Since it was in the Hostessing role that the concerns arose, I am willing to remove myself from that capacity, until such time as you, the Regents and Chancellor decide what it is you do and don’t want from me as the President’s spouse.

We all have the same goal in mind, being the advancement of the University. In times when people are extremely sensitive on every level, the last thing I want to do is cause them any more distress and anxiety.

I am truly apologetic as that was not my goal.

I am more than willing to learn from this, as I hope we all can. It is always best to talk to the ones concerned rather than take it anywhere else.

Thank you for giving me the opportunity to share my response to your concerns.

Bonnie J Ashley

Once more, with annotations:

To all the Regents, (We would’ve gone with “To the Board of Regents”, but then McFarlane Media are sticklers for getting it right) Chancellor Jim Rogers, and EVC (“Executive vice chairman”? Who knows? Anybody?) Dan Klaich,

The recent discussions in the media regarding (Yes! A verb attributed to a phantom. No finger to point, no foul.) David’s Presidential Performance Evaluation (NB: the president is about to be fired with a year left on his contract. No word on what grade he got for “spousal suitability”. He should have listened to his mother and married that nice Jewish girl, the one who became an oncologist) have unfortunately (Lady, let the readers make the judgments. Stephen King wasn’t kidding when he said the adverb is not your friend) focused on my activities in support (Our first loaded term. She was just trying to make the college a better place, you heartless peons) of UNLV. Let me take this opportunity to comment on these concerns. (Is that what you wanted? Up until this point we just assumed that you were writing to sell us some satellite TV.)

In all issues, there is always a cause and effect, (Thank you, Kahlil Gibran. You know what else? To every time, there is a season) and I am addressing that now. (I will now tell you what the purpose of this letter is. The one that you are attempting to slog through. Here it comes. This letter’s purpose. I am getting to the point now. I am not going to make you wait. For the purpose of the letter.)

The first year I lived in Hawaii, (NB: Mrs. Ashley mentions her residence in Hawaii apropos of nothing. This isn’t merely tangential, it’s full-on perpendicular.) I made sales calls to my potential clients, introducing myself to them in a very professional manner. (The “wearing dirty clothes and belching” school of cold calling not having found its way to the Islands by this point.) I proceeded to tell them how I could help improve their business with our services. (Never one to fix what was never broken, Mrs. Ashley would also use English to convey her pitch. This involved positioning her mouth to form words. Words with which she would explain the benefits of what she was selling. These words were directed at her potential clients’ ears, so that they could hear the benefits. By this point, the most astounding thing is that a First Lady this incapable of forming a thought does not look like Helen of Troy. Yet the president loves her anyway.) What I didn’t realize at the time was what they saw and heard. I was to them a newcomer and outsider (Don’t forget “visitor”. Also “intruder”. See Thesaurus.com) coming in and saying I knew better than them how to run the business (Guessing this should be plural) they had operated for many years. (Don’t worry, her comma key makes a triumphant return in the very next sentence.) It was a lesson learned the hard way, (Again, no verb attribution. Who learned the lesson? You did. Say so.) one that I in turn have taught many other newcomers to avoid since then. (The funny thing about arrogant people is how blind they are to their own arrogance. Yes, I was a bitch, but in the big picture I’m really a heroine. See?)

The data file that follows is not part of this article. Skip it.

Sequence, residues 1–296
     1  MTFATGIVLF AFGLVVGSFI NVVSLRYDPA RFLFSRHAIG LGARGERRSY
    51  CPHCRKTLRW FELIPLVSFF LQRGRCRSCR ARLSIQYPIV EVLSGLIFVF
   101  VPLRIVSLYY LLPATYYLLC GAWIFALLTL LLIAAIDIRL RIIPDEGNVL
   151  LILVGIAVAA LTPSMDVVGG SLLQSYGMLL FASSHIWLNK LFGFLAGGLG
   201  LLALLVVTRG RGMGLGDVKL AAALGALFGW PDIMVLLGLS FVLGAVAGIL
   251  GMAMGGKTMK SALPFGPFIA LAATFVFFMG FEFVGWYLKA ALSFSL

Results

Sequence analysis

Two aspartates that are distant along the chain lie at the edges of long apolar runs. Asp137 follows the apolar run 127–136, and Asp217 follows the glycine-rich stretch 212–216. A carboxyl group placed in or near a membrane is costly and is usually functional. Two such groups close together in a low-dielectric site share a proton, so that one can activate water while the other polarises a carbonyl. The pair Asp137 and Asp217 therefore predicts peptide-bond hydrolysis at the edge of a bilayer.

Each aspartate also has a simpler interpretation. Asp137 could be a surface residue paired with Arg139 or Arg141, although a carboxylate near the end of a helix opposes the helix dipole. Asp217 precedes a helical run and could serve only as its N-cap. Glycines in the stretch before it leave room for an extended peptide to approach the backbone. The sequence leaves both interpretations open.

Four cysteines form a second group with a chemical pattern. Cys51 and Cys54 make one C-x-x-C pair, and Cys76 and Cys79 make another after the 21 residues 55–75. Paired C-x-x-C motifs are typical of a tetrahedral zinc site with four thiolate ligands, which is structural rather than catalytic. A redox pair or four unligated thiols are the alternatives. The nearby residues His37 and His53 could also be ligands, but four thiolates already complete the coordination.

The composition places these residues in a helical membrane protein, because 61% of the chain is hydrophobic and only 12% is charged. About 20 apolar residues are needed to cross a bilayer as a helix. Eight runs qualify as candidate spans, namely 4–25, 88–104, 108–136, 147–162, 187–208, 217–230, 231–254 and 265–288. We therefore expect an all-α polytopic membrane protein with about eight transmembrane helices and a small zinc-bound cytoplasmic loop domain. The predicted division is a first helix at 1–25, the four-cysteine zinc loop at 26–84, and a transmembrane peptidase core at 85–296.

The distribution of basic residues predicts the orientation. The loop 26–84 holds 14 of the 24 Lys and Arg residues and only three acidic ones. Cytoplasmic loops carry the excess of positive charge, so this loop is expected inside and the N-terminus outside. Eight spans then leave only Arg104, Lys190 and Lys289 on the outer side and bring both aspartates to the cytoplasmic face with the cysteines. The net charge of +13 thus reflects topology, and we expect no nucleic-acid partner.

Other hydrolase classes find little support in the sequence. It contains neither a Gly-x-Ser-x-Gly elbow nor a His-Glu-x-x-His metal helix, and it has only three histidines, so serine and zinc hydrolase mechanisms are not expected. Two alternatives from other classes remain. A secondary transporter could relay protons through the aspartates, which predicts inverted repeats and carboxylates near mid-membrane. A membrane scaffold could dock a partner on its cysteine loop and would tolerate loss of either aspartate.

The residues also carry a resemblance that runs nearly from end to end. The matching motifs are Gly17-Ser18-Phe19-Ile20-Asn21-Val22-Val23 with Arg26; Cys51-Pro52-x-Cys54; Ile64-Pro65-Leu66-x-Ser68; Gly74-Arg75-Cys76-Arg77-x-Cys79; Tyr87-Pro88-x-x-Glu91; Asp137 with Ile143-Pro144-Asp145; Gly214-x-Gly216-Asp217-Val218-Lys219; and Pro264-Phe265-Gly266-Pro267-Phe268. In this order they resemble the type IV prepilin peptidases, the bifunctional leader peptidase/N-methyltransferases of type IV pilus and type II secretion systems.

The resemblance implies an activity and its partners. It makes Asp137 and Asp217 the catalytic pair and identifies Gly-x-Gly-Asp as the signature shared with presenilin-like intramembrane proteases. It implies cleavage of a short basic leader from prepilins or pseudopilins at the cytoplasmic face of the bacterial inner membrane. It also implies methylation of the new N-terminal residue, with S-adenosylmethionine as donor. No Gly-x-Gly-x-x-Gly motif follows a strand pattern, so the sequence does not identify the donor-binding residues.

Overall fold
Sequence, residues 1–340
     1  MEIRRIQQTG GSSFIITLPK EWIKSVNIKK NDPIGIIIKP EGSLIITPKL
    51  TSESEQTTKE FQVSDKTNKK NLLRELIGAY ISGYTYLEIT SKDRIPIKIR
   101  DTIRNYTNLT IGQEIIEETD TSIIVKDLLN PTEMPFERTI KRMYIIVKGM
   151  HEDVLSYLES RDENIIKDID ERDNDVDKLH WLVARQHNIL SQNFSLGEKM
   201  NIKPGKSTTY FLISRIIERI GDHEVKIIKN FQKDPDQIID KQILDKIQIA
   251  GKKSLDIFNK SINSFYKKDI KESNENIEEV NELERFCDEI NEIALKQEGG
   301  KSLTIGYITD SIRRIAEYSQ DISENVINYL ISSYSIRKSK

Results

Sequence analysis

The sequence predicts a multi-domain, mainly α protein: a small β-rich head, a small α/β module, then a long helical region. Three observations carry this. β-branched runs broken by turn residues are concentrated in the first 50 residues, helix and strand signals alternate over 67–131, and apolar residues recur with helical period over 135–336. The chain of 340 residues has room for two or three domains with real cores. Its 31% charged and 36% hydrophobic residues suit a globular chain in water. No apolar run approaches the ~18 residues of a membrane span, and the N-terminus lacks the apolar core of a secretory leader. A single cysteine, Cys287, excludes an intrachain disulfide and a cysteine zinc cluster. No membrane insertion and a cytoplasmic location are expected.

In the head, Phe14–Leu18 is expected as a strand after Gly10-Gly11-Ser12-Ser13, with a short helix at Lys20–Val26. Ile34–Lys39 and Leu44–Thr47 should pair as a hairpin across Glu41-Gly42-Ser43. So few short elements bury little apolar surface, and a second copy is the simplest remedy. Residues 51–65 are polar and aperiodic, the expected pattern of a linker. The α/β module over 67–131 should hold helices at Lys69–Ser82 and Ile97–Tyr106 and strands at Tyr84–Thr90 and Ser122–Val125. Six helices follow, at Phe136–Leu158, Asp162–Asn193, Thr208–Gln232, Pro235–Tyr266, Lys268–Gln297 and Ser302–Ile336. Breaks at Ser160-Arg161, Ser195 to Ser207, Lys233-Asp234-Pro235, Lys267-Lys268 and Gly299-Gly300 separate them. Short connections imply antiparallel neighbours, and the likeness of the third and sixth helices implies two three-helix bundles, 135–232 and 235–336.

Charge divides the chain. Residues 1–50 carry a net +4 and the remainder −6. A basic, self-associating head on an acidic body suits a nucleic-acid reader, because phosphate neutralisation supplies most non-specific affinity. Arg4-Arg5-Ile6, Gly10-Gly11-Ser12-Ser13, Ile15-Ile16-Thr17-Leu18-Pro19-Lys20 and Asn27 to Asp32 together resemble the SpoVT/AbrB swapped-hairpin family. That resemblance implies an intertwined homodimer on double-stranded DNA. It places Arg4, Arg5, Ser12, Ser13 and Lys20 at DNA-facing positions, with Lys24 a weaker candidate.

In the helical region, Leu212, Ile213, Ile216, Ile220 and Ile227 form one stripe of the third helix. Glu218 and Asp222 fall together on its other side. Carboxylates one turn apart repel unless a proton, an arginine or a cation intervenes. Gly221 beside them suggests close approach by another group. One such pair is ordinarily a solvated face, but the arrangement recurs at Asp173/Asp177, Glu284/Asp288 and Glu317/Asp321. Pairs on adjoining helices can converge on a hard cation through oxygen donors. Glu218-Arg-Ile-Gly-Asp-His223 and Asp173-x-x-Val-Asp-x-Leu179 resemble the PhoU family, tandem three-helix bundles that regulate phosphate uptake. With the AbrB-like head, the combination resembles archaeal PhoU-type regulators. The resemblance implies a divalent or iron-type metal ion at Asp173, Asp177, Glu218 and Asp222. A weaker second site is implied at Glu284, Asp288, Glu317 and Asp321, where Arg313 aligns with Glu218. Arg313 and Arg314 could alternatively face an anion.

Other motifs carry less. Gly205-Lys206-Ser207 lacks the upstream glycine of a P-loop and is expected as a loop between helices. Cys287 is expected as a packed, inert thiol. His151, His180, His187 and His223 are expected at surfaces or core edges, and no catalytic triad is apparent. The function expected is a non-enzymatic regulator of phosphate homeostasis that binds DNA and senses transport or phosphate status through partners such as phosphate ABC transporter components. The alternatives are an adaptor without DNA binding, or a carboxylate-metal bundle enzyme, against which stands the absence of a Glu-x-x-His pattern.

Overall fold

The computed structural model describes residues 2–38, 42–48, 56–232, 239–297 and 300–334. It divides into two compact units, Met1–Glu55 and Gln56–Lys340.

Now, years later, I apparently (Try it without the adverb. Or at least explain how it improves the sentence) had forgotten that lesson, and didn’t realize the same concept applied in this setting. My main goal at this point was to do my part and assist in any way I could. (We get it. You’re the patron saint of higher education in southern Nevada. Now for God’s sake, put away the backhoe and stop digging.) I was asked by many (Active voice. Who? Who asked you? No one who wants to be named?) to take on key hostessing responsibilities, (“Hostess”. The feminine of “host”. Which is also a verb. Try using it for its intended purpose. Even “act as a hostess” is better than “take on key hostessing responsbilities”.) and proceeded to come with all my zest and zeal (Bonnie Ashley: Supporter. Teacher. College betterer. Zesty. Zealous. Alas, her alliteration doesn’t compensate for her self-righteousness.) to help with those aspects usually expected of the President’s Spouse (You know Who gets to capitalize His own title? God. Not you.) or partner. (And a little political correctness, for completion. “President’s wife” works just fine if she’s talking about an individual, which she is. Instead the went with the inclusive “President’s spouse or partner”, which covers all forms of heteronormative and/or differently constituted relationship. And drivel like that belongs in an antiseptic campus speech code handbook, not in a letter that’s supposed to change people’s minds.)